This function returns true if s2 is a substring of s1 that is, if s1 contains s2 false otherwise. For example, contains("A very Charming cat", "Charm") is true, but contains("A very Charming cat", "Marjorie") is false. The test is case-sensitive. For example, contains("A very charming cat", "Charm") is false. Nonstrings may also be passed to this function, in which case they're automatically converted to strings as if by the string( ) function.

count( )  

number count(node-set set) 
 

The count( ) function returns the number of nodes in the argument node-set, that is, the length of the set.

false( )  

boolean false( ) 
 

The false( ) function always returns false. It makes up for the lack of Boolean literals in XPath.

floor(3e )  

number floor(number x) 
 

The floor( ) function returns the greatest integer less than or equal to x. For example, floor(3.141592) is 3. floor(-3.141592)is -4. Before their floor is calculated, non-number types are converted to numbers as if by the number( ) function.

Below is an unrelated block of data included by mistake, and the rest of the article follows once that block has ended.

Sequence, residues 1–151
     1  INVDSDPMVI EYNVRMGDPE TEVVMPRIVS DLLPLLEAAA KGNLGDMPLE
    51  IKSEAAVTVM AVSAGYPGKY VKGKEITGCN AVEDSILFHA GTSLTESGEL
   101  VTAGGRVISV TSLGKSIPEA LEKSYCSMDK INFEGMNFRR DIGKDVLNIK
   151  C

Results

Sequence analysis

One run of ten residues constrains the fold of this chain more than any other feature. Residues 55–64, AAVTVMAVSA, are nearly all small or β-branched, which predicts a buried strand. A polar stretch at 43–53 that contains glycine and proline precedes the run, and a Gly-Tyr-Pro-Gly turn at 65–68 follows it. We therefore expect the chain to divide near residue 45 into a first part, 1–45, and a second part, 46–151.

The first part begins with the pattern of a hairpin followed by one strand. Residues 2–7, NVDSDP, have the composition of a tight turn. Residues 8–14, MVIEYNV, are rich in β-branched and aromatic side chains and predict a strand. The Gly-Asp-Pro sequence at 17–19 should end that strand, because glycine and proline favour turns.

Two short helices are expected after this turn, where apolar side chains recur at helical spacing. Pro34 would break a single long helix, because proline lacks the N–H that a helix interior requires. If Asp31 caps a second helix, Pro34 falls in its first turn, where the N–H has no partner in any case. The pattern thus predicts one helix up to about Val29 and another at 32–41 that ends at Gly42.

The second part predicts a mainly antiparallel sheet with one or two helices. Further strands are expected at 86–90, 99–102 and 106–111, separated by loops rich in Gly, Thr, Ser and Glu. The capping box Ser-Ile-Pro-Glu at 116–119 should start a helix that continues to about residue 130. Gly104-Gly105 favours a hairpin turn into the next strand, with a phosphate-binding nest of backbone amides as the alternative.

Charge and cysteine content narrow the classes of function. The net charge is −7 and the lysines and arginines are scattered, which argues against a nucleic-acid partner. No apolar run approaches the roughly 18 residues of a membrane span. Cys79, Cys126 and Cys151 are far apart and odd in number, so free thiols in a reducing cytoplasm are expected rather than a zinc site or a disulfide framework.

id( )  

node-set id(string IDs) node-set id(node-set IDs) 
 

The id( ) function returns a node-set containing all elements in the document with any of the specified IDs. If the argument is a string, then this string is interpreted as a whitespace-separated list of IDs, and the function returns a node-set containing any elements that have an ID matching one of these IDs. If the argument is a node-set, then each node in the set is converted to a string, which is in turn treated as a white-space-separated list of IDs. The returned node-set contains all the elements whose ID matches any ID in the string value of any of these nodes. Finally, if the argument is any other type, then it's converted to a string, as by the string( ) function, and it returns the same result as passing that string value to id( ) directly.